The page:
Canadiens Get It Right Firing Ducharme, Hiring St. Louis

The Montreal Canadiens took the hockey world by storm Wednesday afternoon when they announced retired NHL star Martin St. Louis would replace Dominique Ducharme as head coach.

Ducharme’s removal was inevitable. He coached the Canadiens to a league-worst 8-30-7 record this season. The team had given up 33 goals in its last five games and surrendered three or more goals for almost two months. The last time Montreal gave up fewer than three goals was against the Philadelphia Flyers on Dec. 16. While Ducharme was a victim of his circumstances, something had to give, and unfortunately, for the former head coach, that something was his job.

Sign up for our regular 'Habs Newsletter' for all the latest.

For the past few weeks, Canadiens fans have been chomping at the bit, wondering what that first franchise-altering move would be under the new Kent Hughes regime. Some were growing impatient, wondering why Montreal had not made a move during the All-Star break. Hughes silenced those concerns Wednesday, and while there are many questions left unanswered, one thing is clear: this era is going to be different, and the timing of this much-needed change could not have been better.

St. Louis Hired at Perfect Time

It’s no secret the Canadiens are in tank mode this season. They are over 30 points back of a wild card spot and trailing the division-leading Florida Panthers by more points (46) than they have games played (45).

Losing was never the issue. Montreal has lost so many players due to injury/COVID-19 protocol this season that even a Scott Bowman-led team would struggle to make the playoffs. It was not that the Canadiens have lost. It is the way they have lost. The team had been disconnected for the longest time under Ducharme. There was no structure. No pushback. Montreal was getting outshot and outplayed by substantial margins every game. As TSN 690’s Tony Marinaro put it, they were cashing their checks while pretending to care.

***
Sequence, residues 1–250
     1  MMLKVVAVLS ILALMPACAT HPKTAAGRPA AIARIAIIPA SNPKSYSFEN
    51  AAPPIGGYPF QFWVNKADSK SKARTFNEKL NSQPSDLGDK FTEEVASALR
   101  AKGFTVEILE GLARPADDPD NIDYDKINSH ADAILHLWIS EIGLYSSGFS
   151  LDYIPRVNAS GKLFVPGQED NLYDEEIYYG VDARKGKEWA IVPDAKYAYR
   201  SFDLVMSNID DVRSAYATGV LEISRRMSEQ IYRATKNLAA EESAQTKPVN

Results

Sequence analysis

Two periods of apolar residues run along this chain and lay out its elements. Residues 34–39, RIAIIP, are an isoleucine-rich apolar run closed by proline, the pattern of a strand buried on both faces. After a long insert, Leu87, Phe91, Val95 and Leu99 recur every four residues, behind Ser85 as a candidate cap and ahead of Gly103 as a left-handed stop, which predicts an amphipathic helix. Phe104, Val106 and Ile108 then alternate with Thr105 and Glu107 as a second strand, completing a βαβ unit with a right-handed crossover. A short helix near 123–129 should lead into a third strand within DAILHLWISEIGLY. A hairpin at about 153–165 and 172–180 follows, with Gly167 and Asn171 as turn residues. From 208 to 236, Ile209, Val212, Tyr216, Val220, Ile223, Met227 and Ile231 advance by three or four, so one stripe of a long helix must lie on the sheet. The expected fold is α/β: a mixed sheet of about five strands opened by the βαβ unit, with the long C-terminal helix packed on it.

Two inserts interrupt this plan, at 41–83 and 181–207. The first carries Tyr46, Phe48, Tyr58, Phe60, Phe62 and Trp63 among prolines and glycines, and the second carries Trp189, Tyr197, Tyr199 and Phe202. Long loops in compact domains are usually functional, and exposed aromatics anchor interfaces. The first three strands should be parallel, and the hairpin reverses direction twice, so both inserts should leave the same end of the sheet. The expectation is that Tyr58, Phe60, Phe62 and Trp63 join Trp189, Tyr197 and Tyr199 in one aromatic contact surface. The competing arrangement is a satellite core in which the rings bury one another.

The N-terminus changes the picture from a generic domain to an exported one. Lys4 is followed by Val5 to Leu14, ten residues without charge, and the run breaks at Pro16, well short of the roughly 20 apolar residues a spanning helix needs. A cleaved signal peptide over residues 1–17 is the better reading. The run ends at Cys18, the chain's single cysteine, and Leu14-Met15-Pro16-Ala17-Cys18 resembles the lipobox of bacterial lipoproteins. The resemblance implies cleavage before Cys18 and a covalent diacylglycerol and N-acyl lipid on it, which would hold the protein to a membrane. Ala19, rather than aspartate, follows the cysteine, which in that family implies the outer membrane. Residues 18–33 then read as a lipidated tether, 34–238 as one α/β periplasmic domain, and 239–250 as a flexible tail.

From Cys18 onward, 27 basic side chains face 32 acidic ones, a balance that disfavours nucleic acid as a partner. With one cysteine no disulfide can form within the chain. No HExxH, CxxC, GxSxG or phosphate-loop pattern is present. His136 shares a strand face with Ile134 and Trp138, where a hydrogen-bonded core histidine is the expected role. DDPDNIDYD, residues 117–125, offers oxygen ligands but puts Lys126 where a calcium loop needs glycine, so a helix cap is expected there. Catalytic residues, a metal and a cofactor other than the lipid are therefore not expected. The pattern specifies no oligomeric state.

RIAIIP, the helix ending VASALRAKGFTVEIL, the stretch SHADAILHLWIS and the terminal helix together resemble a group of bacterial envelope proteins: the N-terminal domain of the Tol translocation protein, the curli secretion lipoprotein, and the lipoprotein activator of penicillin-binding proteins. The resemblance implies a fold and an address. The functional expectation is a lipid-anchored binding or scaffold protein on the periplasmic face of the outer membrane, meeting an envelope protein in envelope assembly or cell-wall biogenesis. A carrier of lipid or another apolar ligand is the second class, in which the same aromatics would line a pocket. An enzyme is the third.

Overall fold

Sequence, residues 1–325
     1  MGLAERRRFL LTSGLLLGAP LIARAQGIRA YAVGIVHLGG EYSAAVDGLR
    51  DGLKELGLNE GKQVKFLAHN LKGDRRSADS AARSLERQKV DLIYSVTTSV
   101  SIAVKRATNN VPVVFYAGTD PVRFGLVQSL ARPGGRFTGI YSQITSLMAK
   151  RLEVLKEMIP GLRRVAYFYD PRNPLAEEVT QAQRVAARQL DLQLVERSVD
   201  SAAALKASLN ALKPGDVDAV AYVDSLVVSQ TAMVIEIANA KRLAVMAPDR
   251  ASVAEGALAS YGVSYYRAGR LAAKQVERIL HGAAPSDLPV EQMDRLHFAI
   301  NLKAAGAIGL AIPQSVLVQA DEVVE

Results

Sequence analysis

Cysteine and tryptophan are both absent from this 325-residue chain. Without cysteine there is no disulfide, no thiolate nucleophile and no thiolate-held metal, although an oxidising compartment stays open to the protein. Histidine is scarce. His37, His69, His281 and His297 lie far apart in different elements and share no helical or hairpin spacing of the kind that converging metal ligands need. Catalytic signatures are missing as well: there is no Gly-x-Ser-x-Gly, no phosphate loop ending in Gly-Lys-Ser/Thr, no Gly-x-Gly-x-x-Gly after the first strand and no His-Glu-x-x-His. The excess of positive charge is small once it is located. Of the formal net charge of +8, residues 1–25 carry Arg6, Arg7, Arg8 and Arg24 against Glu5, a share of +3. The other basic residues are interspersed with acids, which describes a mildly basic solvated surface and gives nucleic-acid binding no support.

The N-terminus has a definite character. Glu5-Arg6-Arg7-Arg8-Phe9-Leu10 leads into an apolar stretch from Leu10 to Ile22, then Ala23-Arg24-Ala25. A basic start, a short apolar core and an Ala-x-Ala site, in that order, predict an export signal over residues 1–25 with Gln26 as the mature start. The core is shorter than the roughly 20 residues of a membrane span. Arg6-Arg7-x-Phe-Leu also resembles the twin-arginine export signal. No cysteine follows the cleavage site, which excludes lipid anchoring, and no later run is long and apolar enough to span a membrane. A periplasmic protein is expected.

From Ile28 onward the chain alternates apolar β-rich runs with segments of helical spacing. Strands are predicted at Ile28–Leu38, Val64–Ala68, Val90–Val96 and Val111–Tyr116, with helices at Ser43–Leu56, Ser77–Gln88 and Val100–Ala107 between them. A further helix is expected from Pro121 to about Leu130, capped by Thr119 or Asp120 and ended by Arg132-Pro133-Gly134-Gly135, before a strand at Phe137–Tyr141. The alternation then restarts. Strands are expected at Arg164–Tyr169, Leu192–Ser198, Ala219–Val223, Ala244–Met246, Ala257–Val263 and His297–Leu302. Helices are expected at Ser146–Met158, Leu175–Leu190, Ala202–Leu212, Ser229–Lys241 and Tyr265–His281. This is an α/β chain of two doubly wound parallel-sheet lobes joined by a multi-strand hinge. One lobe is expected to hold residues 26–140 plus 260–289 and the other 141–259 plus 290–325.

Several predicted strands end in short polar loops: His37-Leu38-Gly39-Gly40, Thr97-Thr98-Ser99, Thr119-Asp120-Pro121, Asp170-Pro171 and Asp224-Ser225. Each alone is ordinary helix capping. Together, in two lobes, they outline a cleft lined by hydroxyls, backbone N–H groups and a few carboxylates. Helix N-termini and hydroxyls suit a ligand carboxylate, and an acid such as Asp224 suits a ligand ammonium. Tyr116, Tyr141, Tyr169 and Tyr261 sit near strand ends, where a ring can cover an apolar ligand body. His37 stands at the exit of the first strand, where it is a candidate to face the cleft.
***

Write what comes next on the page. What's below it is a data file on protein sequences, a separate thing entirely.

Martin St. Louis (Icon SMI)

When toxicity starts to fester in a locker room, it carries over to the ice. And when it carries over to the ice, everyone starts to notice. Tanking for high draft picks is fine but doing so with no compete level promotes a losing culture that can keep a team in the basement for years; just ask the Buffalo Sabres. It was time for a new voice and fresh perspective.

Enter Martin St. Louis.

There are certainly question marks surrounding Montreal’s new head coach. The 46-year-old’s coaching experience does not go beyond the U13 AAA level. He acted as a Special Teams Consultant for the Columbus Blue Jackets in 2019. And that’s about the extent of his resume. Concerns about St. Louis’ experience are valid. He has not coached in the NHL and doesn’t even have experience at the college or minor league levels. To say this was an outside-the-box pick would be an understatement.

Related: Montreal Canadiens Hire Martin St. Louis as Interim Coach